The Union government, which is planning a major policy push to raise the share of natural gas in India’s energy mix from the current level of 6.2% to 15% by 2030, is considering a proposal to bring natural gas within the ambit of the Goods and Services Tax (GST) — a move that will make it cheaper for both industrial and domestic use, two officials aware of the matter said.
Levies on natural gas vary from state to state, ranging as high as 24%, a major deterrent to making it a people’s fuel.The ministry of petroleum and natural gas (MoPNG) has proposed to bring natural gas under GST to have a uniform tax rate across the country. The matter is under consideration, the officials said, requesting anonymity.
Petroleum secretary Tarun Kapoor confirmed the development. “There is a demand from the industry [to impose GST on natural gas], which is also supported by the MoPNG. But, then it has to go to the GST Council,” he said, referring to the GST body comprising state and central representatives.
The two officials mentioned above said gas transportation and state-specific value added tax (VAT) on natural gas are two major components that make natural gas costly. Gas, which is bought at the cost of $1-1.5 million metric British thermal unit (mmBtu) and has a landed cost of around $3 per unit, becomes $8 per unit for customers, they said.
Petroleum products such as crude, diesel, petrol, natural gas and aviation turbine fuel (ATF) are awaiting the GST Council’s approval to be included under the GST net. As these products are major revenue earners for some states, they want their individual freedom to levy VAT as per their financial requirements.
DK Srivastava, chief policy adviser at consultancy firm EY India, said all petroleum products should eventually be brought under the GST regime so that input taxation on these products can be neutralised.
“While other products may wait, natural gas can be brought within the GST regime without any significant revenue loss for states and the central government since, currently, it is being taxed at relatively low levels, although rates differ across states and between the Centre and states,” he said. The central excise on natural gas is 14%, while VAT rates vary from 3% to 24% from state to state, the officials mentioned above said.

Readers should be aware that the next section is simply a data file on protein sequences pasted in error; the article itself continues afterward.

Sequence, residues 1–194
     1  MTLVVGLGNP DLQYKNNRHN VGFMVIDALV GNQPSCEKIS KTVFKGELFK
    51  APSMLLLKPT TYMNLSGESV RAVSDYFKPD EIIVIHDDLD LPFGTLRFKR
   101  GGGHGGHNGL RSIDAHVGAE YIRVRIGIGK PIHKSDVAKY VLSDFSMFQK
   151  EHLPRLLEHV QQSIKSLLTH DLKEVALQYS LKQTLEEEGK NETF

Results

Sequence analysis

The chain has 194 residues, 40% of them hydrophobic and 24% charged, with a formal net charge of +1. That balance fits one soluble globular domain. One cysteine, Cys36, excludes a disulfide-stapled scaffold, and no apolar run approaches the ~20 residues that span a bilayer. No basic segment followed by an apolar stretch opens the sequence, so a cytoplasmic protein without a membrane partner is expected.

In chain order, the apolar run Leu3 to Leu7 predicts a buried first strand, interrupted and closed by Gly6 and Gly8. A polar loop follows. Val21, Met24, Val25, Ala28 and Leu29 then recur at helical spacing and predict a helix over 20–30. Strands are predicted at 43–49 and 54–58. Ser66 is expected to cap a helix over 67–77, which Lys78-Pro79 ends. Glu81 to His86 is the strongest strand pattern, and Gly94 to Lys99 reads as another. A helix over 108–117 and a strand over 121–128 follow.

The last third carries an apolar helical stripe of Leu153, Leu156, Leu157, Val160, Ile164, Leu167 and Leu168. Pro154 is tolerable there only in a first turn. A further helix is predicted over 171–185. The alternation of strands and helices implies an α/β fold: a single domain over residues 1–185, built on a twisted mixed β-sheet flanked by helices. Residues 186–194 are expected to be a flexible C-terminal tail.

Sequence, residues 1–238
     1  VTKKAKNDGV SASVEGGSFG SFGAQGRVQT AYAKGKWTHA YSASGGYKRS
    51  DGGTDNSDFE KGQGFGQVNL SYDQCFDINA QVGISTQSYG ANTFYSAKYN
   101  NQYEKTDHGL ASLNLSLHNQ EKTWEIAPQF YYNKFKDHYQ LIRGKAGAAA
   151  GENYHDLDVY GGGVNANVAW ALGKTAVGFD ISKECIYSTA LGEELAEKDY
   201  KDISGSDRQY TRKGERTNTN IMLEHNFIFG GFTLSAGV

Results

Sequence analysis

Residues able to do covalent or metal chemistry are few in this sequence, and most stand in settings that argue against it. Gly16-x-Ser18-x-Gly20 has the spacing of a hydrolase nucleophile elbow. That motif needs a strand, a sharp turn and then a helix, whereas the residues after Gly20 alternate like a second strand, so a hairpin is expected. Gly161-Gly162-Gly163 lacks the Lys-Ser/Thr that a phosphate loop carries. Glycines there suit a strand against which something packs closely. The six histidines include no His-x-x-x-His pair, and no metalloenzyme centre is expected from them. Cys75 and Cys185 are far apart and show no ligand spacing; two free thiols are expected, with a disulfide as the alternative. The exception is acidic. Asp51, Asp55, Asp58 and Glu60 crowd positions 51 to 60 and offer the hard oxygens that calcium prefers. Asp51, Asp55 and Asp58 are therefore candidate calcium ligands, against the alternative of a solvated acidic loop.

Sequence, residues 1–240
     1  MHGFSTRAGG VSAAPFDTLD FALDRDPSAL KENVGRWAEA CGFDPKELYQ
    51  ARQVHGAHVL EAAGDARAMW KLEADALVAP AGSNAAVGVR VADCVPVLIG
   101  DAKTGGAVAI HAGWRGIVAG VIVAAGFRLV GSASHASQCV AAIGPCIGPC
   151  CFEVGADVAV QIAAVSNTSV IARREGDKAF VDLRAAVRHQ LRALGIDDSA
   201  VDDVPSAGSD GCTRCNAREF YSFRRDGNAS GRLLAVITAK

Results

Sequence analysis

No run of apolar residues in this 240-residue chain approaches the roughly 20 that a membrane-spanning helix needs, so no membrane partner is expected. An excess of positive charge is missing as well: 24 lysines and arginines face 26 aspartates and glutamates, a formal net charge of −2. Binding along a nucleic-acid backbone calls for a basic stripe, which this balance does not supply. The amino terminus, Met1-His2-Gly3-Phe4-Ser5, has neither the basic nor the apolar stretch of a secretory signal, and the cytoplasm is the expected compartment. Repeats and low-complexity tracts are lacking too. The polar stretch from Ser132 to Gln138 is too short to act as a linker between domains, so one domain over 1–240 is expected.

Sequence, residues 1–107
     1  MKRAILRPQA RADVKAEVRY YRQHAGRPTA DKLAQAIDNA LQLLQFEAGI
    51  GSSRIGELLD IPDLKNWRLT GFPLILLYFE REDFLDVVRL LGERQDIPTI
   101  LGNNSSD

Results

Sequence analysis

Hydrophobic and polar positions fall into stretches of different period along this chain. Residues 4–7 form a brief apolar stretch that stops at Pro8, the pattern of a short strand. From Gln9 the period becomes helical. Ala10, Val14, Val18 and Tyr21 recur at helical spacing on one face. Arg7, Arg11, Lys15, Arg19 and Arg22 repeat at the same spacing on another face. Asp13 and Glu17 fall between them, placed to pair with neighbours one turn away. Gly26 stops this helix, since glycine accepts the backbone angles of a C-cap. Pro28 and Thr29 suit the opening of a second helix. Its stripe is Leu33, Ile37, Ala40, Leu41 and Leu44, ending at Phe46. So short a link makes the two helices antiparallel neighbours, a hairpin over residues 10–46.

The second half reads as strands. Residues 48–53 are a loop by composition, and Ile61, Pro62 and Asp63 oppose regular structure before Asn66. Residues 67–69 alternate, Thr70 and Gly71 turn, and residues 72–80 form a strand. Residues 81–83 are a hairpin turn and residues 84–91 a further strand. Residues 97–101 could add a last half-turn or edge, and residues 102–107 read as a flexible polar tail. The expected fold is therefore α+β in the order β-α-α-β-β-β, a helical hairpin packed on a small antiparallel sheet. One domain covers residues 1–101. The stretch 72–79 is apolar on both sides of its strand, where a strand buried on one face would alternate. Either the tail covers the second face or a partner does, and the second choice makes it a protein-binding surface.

One of the officials said, “The matter has come up during recent pre-budget discussions and a proposal to have GST on natural gas could be placed before the GST Council after stakeholders’ consultations.”
The council is the apex federal body on GST matters and it is chaired by the Union finance minister. Its members are finance ministers of states and Union territories. The council’s decisions are often unanimous.
Speaking at an industry event on December 17, petroleum minister Dharmendra Pradhan said that India was “ushering a gas-based economy by increasing the share of natural gas” in its primary energy mix in line with Prime Minister Narendra Modi’s vision of “one nation, one gas grid”.
PM Modi on Tuesday will inaugurate the 450-km Kochi-Mangaluru natural gas pipeline that will eventually provide clean gas to industrial and domestic consumers of Kochi, Ernakulam, Thrissur, Palakkad, Malappuram, Kozhikode, Kannur, Kasaragod and Mangaluru districts, the officials said.
“There is immense potential for PNG (piped natural gas) connections as there are 290 million liquefied petroleum gas (LPG) connections as against 7.5 million PNG connections. PNG is cheaper, cleaner and convenient for consumers, hence an element of policy focus that requires a uniform GST rate on natural gas,” the second official said.
Sunil Kumar, chartered accountant at Taxmann — the publisher on taxation matters — said: “Non-inclusion of natural gas under the GST regime is adversely impacting gas producers, suppliers and industrial consumers as they are facing issue of tax cascading or tax on tax and non-availability of credits on procurements.”
Divakar Vijayasarathy, founder and managing partner at consulting firm DVS Advisors LLP, said taxes on natural gas have a cascading effect and impact both on industrial and domestic consumer rates. “This would discourage usage of gas as an energy source… Extraction of natural gas is highly capital intensive and attracting foreign investments under this sector would be critical. Hence the government should improve ease of operations for this sector to achieve its target of clean energy and development of national gas grid.”